Hoppin’ John Jambalaya

At some point in the history of the black-eyed peas and rice dish, Hoppin’ John, it became associated with luck. Eat a bowl of Hoppin’ John with a side of green cabbage and golden cornbread and you’re starting the new year off right! Did you ever wonder where that tradition and name came from?

It’s said that the dish was first made popular in South Carolina. However, there’s no denying the fact that the black-eyed peas came from West Africa during the slave trading. In a Washington Post article, A New Year’s Tradition Born From Slavery, Tim Carman writes, the slave traders started to import black-eyed peas to the United States as some sort of backhanded charitable act. He went on to write that, the natives of West Africa could prepare a dish that reminded them of home.

There are stories that say that in the past, people thought that the black-eyed peas looked like coins, and if you eat them on New Year’s Day, you’ll become lucky and receive money throughout the year. Then, when the black-eyed peas are served with cabbage, which is green like money, and cornbread that looks like gold bars, luck would come to you. But who has a currency that looks like small beans? The luck tradition started during the slave days when the slaves were given the time off between Christmas and New Years. The harvest season was over with and it wasn’t time for planting season. It was a time to reflect on the past year and think about what was to come. Since black-eyed peas were plentiful in the South, it became the dish that the slaves could eat plenty of and it became associated with New Years, and then later on: luck.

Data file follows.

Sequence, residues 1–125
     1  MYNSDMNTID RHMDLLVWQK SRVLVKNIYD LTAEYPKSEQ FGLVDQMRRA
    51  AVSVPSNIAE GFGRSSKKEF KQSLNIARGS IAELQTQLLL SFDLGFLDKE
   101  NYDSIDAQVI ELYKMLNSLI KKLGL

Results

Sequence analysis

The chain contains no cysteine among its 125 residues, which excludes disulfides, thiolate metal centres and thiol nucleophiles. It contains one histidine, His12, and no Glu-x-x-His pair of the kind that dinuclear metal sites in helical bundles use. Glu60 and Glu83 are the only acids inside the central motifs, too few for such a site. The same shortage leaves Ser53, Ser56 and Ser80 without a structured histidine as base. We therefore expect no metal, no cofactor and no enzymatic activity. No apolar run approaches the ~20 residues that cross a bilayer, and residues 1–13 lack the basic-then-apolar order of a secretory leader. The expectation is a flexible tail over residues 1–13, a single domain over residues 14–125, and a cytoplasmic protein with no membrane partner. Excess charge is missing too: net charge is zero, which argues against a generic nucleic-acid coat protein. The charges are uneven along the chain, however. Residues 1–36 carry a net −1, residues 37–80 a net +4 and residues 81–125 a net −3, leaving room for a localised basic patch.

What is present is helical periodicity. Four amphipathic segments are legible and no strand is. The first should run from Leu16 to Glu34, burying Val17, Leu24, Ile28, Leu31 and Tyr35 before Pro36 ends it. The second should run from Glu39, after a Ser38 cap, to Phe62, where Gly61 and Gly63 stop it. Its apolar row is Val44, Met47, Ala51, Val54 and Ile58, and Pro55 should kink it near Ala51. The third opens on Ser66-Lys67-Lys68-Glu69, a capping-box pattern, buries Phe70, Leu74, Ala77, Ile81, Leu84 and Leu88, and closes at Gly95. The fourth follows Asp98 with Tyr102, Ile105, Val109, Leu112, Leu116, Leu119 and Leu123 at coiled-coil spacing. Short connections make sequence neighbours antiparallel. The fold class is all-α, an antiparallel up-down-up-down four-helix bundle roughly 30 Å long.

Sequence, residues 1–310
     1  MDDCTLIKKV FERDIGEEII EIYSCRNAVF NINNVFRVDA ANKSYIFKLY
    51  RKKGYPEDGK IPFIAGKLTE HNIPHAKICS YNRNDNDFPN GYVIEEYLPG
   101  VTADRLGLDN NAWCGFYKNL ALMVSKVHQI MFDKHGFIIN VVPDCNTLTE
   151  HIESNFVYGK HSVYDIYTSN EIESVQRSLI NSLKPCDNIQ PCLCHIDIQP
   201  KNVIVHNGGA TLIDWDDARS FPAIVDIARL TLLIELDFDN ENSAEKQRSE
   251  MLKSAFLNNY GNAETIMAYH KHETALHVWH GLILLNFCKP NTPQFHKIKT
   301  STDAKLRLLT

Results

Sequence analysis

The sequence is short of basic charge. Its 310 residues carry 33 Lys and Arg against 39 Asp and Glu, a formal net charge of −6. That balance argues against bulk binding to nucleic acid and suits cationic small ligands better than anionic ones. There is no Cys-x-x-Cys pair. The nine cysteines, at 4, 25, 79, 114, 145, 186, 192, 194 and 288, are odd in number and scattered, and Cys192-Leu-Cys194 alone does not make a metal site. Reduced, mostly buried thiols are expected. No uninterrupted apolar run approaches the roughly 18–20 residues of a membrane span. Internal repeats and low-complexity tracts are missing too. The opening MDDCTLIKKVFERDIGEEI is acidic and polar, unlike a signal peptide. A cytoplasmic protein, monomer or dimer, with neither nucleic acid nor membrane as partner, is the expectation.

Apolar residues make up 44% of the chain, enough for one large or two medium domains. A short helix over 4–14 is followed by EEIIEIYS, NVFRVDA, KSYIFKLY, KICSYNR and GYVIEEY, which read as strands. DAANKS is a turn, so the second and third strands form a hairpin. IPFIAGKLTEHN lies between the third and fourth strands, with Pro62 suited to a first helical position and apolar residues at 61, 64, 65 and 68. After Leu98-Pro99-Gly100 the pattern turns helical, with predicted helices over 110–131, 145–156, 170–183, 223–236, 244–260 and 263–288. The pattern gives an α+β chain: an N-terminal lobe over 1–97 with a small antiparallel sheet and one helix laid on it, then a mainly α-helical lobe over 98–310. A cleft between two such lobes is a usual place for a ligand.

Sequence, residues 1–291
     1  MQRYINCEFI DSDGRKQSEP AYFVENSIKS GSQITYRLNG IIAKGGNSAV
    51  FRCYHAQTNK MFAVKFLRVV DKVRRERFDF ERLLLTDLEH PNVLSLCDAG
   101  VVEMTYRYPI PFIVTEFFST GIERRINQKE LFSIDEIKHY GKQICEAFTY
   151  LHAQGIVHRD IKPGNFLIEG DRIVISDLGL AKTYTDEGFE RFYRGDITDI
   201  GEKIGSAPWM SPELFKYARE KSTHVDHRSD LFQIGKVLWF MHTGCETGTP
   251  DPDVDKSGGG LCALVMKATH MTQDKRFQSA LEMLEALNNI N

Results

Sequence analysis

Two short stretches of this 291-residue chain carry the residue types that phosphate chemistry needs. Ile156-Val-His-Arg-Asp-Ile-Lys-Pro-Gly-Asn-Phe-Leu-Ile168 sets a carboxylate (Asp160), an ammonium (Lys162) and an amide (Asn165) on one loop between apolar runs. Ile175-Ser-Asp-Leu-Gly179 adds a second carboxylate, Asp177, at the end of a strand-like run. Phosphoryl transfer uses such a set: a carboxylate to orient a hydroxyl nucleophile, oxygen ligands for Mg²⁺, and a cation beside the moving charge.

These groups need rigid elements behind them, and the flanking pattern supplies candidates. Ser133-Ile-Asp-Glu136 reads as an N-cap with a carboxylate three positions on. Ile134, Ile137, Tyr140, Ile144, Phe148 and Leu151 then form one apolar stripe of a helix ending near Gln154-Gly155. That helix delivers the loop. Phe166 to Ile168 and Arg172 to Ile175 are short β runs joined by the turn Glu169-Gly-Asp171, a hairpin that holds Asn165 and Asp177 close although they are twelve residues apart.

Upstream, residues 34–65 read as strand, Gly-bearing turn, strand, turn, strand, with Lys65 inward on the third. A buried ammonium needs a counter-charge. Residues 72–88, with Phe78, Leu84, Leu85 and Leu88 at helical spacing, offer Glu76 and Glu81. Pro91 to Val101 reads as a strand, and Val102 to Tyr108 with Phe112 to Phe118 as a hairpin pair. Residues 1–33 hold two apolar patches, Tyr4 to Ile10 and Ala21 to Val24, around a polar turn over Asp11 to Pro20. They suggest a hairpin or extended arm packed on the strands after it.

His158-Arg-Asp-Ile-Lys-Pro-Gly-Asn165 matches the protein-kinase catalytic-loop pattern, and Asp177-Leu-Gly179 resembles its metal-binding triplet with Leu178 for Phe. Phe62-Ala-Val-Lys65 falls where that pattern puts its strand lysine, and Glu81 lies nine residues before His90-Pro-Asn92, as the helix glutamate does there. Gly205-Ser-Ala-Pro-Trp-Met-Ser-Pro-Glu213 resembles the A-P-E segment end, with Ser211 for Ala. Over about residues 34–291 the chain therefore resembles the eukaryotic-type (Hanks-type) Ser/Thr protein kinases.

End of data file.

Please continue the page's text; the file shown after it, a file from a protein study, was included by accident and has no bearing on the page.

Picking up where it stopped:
Just as there are different versions of why black-eyed peas are considered lucky, there are plenty of versions of how the bean and rice dish became known as Hoppin’ John. One rumor that some believe, like North Carolina State University, is that the name came from the French Creoles of Louisiana who called black-eyed peas, pigeon peas, which looks similar to black-eyed peas. The French Creole term for pigeon pea is poi’s a pigeon, which is pronounced, Pwah peeJon. For those that didn’t speak French Creole, it may have sounded like they were saying, Hoppin’ John.

I use Camellia brand black-eyed peas.

Whether or not the dish brings you luck or not, it’s a great meal. Traditionally the black-eyed peas are served over a bed of hot cooked rice cooked separately like red beans and rice are. I changed things up a bit and turned this bean and rice dish into the perfect New Year’s Hoppin’ John Jambalaya by adding uncooked rice to the pot of cooking black-eyed peas! As luck would have it, it tastes amazing! It also makes enough to feed a large gathering, like a football party maybe?

It’s important to not forget why black-eyed peas came to the United States and why it became considered lucky by the slaves who looked forward to eating a bowl of the bean dish even if it was just for a brief moment to remember their home, it was important for them. We are fortunate enough to live in a better day and age when we are all equal. We just need to treat each other that way. We’re all just trying to survive in the world, right? If we’re lucky, one day, everyone will be truly happy together.